A Because of insolubility, fungal degradation occurs either

A diverse range of microorganisms,
primarily fungi and bacteria have been identified over the years which
producing lignocellulolytic enzymes. They depolymerize lignocellulose via series
of hydrolytic or oxidative enzymes including lignin peroxidase, magnese
peroxidase, versatile peroxidise, laccases, endoglucanases, cellobiohydrolases and
?-glucosidases. These enzymes have been broadly studied in submerged and solid culture
processes ranging from flask shake to large scale. Since bacteria lacking
lignin peroxidases thus biodegradation of lignocellulose in bacteria is
essentially a slow process. Grasses are more susceptible than wood for actinomycete
and play a substantial role in the humification processes together with
bacteria in soils and composts. Bacterial
enzymes can cleave alkyl-aryl ether bonds in oligomeric and monomeric aromatic
compounds, released by degradation of lignin through fungi. Thus lignocellulose
biodegradation by prokaryotes is of ecological significance while by fungi is
of commercial importance.

Degradation of lignocellulose by
fungi include white
rot and brown rot fungi. White rot fungi degrade lignin more quickly and
extensively than any other microorganisms. Because of insolubility, fungal degradation occurs either
exocellularly, in association with the outer cell envelope layer or
extracellularly. Two enzymatic systems are found; a hydrolytic system in which
hydrolases degrade polysaccharide and a distinctive oxidative and
extracellular ligninolytic system, which degrades lignin and unlocks phenyl
rings. Despite a large number of microorganisms which are producing
lignocellulolytic enzyme only few have been studied extensively. In the
commercial production of hemicellulases and cellulases Trichoderma reesei and its mutants are extensively employed. Most of the microorganism used in the production
of lignocellulytic enzymes are acting mainly on cellulose or hemicellulose. Only
few group of microorganisms has evolved with the ability to degrade lignin. It has been reported that T. reesei produce hemi and cellulolytic enzymes significantly but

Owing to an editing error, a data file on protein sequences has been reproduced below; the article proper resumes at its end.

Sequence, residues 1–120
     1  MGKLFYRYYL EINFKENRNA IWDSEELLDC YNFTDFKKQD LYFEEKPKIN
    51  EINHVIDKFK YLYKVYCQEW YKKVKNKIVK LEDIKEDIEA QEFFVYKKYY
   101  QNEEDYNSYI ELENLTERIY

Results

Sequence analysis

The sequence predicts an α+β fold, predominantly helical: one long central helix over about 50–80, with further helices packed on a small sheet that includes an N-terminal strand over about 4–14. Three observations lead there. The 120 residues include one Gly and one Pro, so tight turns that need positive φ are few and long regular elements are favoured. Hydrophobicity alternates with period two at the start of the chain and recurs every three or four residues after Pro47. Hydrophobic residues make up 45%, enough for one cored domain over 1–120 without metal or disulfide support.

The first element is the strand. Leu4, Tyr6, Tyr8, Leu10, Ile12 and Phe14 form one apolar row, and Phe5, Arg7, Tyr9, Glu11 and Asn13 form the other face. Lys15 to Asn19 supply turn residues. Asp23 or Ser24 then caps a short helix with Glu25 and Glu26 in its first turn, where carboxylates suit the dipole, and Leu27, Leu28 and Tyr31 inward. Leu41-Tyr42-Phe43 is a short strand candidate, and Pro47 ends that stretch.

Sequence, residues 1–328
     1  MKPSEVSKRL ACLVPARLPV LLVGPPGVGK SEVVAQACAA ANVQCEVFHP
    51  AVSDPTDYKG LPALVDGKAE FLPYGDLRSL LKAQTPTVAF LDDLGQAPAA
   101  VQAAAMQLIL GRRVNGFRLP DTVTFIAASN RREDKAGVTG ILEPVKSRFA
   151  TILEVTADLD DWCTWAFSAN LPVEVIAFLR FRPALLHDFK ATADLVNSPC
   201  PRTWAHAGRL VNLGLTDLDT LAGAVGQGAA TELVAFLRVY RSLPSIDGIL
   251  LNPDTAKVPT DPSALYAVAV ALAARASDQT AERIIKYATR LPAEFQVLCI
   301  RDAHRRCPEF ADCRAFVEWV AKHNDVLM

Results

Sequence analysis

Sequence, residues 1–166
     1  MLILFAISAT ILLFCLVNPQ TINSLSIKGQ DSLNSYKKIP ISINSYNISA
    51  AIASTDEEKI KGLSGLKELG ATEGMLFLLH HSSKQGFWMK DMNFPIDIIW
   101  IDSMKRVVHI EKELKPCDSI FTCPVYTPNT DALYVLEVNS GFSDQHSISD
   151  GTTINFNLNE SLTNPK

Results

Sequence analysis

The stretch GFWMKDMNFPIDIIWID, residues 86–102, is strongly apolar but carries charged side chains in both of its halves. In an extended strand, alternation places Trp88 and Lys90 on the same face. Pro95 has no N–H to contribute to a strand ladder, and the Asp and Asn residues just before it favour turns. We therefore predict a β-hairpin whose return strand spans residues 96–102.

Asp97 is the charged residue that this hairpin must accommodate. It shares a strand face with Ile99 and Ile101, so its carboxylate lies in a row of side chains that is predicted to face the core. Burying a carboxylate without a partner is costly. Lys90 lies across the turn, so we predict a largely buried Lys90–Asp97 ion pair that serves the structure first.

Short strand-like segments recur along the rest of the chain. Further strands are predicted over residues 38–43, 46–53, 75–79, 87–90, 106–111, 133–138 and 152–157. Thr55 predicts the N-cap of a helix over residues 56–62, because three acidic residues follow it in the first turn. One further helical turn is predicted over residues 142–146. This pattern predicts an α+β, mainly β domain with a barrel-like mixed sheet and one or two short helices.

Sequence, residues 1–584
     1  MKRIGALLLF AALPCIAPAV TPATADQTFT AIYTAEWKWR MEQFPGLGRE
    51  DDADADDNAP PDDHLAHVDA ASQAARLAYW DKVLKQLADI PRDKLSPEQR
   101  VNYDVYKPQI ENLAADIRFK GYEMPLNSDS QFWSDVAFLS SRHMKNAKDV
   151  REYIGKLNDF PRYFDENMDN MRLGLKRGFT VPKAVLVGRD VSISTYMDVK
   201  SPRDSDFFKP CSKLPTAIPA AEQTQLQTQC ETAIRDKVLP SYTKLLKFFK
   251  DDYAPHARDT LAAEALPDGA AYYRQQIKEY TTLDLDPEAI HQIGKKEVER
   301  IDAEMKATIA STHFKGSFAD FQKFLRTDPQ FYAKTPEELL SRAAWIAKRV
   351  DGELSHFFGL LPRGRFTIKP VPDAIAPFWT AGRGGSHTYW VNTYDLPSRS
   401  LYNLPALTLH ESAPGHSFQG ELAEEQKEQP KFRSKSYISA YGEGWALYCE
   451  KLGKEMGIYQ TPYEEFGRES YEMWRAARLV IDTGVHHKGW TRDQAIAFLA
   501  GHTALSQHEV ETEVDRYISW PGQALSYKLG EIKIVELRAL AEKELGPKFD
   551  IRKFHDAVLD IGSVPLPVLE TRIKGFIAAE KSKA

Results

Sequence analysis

unable to degrade lignin. The most efficient lignin degrading microbes are
basidiomycetes, a white rot fungi Phanerochaete
chrysosporium, producing plentiful amounts of unique set of lignocellulytic
enzymes which efficiently degrade lignin into CO2. Other white-rot fungi such as Daedalea flavida, Phlebia fascicularia, P.
floridensis and P. radiate have been found to selectively degrade lignin in
wheat straw. So these fungi are used to selectively remove the lignin leaving
the other components almost intact. Some lignocellulose degrading brown-rot fungi rapidly
depolymerize cellulosic materials while only modifying lignin. In addition to lignin, white-rot fungi are able to degrade
a variety of persistent environmental pollutants, such as chlorinated aromatic compounds,
heterocyclic aromatic hydrocarbons, various dyes and synthetic high polymers.
This degradative ability of white-rot fungi is due to the strong oxidative
activity and low substrate specificity of their ligninolytic enzymes.
Nevertheless, it is clear that some soft-rot fungi can degrade lignin, because
they erode the secondary cell wall and decrease the content of acid-insoluble material
(Klason lignin) in angiosperm wood. Soft rot fungi typically attack higher
moisture, and lower lignin content materials. 

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